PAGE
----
“I discovered that I wanted to stay in touch with a number of friends from my previous healthy existence, and I was soon writing to everyone within reach of the postal service … the mail delivery became the high spot of my day.” — Richard Ray, TB patient.
In times of trouble, some of the most essential workers are the people who deliver the mail. It can get lonely here in the Adirondacks, where there are more trees than people. Mail carriers keep us connected, and post offices in rural hamlets serve as social hubs.
Historic Saranac Lake (HSL) announced that it has been awarded an Inspire! Grant for Small Museums through the Institute of Museum and Library Services (IMLS). The $48,300 award will support HSL’s work to catalog and rehouse a portion of its image collections. The project will enable HSL to gain intellectual and physical control over its collection in preparation for a major expansion into the historic Trudeau Building adjacent to the museum. Over two years, HSL will create catalog records for photographs, postcards, and photo albums, and implement long-term archival storage. The project tackles a major next step identified in the museum’s recently completed Collections Preservation Plan, also funded by a grant from IMLS.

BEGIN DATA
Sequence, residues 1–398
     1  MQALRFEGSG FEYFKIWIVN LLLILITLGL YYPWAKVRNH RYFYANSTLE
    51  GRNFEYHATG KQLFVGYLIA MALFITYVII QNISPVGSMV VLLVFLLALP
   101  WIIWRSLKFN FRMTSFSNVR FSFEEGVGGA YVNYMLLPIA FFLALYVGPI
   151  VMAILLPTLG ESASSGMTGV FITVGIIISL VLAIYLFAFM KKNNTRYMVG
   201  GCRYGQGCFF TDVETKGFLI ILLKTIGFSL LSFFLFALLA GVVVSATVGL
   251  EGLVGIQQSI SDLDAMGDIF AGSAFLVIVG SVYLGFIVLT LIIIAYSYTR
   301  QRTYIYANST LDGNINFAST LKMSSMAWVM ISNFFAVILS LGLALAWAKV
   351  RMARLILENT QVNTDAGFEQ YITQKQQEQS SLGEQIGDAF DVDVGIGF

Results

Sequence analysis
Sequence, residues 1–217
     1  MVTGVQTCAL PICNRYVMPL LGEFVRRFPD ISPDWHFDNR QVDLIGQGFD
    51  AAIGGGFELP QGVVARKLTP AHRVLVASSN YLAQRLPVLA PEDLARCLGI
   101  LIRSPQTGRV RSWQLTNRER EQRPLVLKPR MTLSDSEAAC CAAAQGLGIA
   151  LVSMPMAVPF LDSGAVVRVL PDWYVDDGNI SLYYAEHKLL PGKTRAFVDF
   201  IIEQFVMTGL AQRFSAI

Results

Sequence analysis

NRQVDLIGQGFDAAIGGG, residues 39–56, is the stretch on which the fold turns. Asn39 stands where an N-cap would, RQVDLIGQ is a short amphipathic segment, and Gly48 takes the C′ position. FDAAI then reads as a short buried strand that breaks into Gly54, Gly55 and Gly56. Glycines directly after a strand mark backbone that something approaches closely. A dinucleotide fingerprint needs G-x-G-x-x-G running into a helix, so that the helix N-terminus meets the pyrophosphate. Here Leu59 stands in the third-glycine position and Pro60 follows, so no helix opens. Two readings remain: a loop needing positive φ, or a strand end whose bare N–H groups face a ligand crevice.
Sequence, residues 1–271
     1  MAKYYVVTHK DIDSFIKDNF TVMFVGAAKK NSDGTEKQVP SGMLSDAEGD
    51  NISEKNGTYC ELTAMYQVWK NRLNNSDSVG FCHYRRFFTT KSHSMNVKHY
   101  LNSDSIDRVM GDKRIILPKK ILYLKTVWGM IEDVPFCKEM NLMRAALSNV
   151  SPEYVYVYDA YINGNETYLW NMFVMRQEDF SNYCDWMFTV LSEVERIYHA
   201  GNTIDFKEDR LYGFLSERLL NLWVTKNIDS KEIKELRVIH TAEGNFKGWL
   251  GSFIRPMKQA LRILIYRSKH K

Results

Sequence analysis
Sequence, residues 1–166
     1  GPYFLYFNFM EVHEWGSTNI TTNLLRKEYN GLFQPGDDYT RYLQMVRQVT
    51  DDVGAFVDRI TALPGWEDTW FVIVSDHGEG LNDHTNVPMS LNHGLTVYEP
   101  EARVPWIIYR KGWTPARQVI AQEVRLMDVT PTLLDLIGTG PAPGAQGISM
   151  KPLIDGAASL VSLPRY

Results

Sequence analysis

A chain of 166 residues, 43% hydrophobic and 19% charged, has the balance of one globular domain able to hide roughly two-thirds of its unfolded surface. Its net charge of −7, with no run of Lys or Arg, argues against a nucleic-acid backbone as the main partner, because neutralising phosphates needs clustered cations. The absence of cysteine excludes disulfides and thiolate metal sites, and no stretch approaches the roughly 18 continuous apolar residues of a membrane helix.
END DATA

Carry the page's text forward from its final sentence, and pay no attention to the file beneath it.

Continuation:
First-hand accounts left behind in letters, photographs, diaries, and memoirs paint a picture of life in Saranac Lake during the TB years. It’s an incomplete record that can lead us to believe curing was an overwhelmingly positive experience.
It takes energy, time, and a degree of mental and physical well being to leave behind a personal record. People who were very ill, illiterate, or struggling with poverty did not have the same opportunity to create, or later preserve, accounts of their experiences.